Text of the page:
Given all the attention to and conversation about Dr. Gates' run-in with the Cambridge constabulary, it might be worth a brief review of how to keep oneself safe when interacting with the police.
Obviously, all police don't profile—but enough do that this has, historically, been a hot-button issue in the black community. When my co-author, Karen Elyse Hudson, and I were writing the first edition of Basic Black: Home Training For Modern Times, we purposefully included a section on how to behave when stopped by the police. Because for us, home training wasn't just where the fork goes, it was life skills. And learning how to deal with the police is a necessary life skill for every black male above the age of 12. Maybe younger.
So, in case it's been awhile since you read the book, a refresher:
If you're stopped while driving, wait for the officer to approach you. DON'T get out of the car. ("That makes us crazy," one cop told me; "I don't want you coming at me until I know who you are.") Keep both hands on the steering wheel where he can see them. When he asks for license and registration, tell him where they are BEFORE you reach for them, and ask if he wants you to do it, of he'd rather: "I keep my wallet in the glove box; do you want me to get it now?"
Asking why you were stopped calmly works much better than telling a cop why you THINK you were stopped. ("In Florida, there are about 1500 different violations on the state's books," one officer told me; "we can always pull you over for something if we want to.") "Can you tell me why you pulled me over, officer?" usually gets a better reaction than "it's cause I'm a brother, right?"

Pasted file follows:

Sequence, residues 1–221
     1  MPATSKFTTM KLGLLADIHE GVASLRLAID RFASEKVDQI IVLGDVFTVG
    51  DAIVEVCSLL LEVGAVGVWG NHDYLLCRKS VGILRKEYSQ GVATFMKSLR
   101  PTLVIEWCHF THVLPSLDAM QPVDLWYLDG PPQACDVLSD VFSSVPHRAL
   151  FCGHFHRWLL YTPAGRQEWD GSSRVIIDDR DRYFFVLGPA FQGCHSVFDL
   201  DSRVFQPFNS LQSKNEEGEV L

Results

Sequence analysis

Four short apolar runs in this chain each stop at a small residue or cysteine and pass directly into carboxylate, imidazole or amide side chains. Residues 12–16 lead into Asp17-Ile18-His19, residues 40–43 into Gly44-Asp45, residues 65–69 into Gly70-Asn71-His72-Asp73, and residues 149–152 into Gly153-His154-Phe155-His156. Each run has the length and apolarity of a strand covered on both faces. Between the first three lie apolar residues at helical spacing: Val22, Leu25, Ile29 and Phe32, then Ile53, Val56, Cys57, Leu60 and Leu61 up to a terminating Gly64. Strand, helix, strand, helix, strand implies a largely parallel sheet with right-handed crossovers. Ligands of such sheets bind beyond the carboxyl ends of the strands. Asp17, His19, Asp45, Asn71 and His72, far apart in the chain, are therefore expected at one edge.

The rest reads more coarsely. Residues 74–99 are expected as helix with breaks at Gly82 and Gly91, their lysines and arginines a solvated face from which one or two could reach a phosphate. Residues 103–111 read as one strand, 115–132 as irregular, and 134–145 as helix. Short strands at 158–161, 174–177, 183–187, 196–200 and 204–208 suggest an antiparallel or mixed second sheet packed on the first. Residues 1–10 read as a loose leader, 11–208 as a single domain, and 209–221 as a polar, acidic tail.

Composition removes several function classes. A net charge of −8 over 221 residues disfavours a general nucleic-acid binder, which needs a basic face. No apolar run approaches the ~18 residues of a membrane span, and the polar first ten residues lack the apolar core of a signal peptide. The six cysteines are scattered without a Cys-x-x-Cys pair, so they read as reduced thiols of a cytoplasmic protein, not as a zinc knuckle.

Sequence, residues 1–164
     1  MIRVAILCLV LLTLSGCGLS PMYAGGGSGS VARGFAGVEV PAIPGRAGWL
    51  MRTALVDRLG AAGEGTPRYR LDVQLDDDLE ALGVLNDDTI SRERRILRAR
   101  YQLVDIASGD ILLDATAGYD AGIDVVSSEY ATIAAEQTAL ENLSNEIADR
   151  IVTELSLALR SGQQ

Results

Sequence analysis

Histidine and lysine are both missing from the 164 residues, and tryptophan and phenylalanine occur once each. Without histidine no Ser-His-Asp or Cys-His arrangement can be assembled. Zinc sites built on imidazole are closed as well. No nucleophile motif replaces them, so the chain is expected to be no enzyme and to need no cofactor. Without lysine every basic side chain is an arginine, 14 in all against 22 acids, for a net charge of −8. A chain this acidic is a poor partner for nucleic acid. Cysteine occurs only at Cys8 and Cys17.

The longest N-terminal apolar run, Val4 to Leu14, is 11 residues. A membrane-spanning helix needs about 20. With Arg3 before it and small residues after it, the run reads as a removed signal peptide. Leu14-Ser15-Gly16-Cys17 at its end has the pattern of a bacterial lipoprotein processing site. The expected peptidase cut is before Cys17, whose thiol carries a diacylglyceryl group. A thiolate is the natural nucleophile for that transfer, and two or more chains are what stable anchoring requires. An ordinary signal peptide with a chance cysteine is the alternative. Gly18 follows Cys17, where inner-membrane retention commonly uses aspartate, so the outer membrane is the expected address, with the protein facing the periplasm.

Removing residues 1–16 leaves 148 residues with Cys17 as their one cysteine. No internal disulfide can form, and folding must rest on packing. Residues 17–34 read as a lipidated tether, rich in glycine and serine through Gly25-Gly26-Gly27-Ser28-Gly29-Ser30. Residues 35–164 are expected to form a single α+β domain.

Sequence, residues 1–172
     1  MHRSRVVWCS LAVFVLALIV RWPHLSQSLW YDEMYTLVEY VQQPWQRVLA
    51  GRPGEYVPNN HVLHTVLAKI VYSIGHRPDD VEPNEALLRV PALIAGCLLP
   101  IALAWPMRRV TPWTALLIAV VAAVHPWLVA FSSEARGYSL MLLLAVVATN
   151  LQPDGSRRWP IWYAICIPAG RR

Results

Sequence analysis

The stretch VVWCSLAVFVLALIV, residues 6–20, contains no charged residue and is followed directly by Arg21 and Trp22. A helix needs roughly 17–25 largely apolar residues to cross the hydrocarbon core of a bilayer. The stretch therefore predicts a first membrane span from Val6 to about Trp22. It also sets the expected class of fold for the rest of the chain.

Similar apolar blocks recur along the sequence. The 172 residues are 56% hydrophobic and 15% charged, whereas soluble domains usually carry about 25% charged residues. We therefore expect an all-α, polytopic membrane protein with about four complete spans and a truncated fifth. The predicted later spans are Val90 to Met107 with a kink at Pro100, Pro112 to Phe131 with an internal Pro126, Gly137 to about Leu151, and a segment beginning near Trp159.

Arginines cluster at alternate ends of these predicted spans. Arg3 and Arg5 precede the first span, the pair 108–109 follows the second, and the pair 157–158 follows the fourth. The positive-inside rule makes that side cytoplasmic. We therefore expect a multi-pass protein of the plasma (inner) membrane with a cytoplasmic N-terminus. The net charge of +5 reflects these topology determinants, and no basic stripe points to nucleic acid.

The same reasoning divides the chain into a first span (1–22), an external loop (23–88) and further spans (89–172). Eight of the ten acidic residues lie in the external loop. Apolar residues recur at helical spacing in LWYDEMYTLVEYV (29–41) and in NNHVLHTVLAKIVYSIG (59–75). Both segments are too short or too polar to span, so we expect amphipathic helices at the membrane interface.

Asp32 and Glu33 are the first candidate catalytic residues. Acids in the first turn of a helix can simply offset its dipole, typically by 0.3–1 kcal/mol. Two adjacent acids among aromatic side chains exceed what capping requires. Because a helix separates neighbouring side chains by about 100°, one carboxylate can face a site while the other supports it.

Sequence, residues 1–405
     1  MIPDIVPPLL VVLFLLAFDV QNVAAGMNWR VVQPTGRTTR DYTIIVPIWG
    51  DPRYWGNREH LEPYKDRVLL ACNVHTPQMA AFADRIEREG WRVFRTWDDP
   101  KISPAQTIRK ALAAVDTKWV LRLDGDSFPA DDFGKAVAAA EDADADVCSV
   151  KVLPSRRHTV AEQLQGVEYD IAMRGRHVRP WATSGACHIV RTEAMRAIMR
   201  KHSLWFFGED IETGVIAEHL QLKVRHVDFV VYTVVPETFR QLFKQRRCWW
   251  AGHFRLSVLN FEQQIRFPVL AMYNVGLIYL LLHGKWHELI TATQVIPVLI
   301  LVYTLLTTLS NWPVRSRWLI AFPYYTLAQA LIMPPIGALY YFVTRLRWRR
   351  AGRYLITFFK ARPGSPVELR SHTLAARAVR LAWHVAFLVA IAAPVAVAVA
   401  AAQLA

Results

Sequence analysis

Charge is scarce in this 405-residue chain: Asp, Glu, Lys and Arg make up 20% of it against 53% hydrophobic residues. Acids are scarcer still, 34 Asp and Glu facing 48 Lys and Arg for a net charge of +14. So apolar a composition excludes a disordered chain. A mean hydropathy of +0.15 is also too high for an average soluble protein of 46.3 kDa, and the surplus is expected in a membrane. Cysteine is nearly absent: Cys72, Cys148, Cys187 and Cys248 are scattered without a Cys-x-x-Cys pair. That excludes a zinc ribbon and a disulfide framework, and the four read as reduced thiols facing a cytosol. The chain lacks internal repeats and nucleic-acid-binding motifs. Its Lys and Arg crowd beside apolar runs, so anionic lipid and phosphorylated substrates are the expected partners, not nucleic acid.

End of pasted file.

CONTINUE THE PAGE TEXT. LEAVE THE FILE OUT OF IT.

If you're being given a ticket, don't argue. Take the ticket—it has to have the officer's badge number and name on it. You can use that to complain to his department if you think you've been treated unfairly. If he's behaved rudely or with prejudice, write a formal complaint and send it to his watch commander. CC the chief of police and the head of the police commission. (Yes, it's time consuming, but sometimes very effective.)
Screaming confrontations with a guy who is allowed to carry a gun and a taser cannot end well for the person who isn't equally equipped. Far too many black males don't make it home to dinner because they've made a policeman angry or—worse—afraid. Knowing how to react ahead of time—especially for young black men—can make all the difference.
Karen Grigsby Bates is co-author, with Karen Elyse Hudson, of The New Basic Black: Home Training For Modern Times (Doubleday).
is a Los Angeles-based correspondent for NPR News and co-author, with Karen Elyse Hudson, of The New Basic Black: Home Training For Modern Times (Doubleday).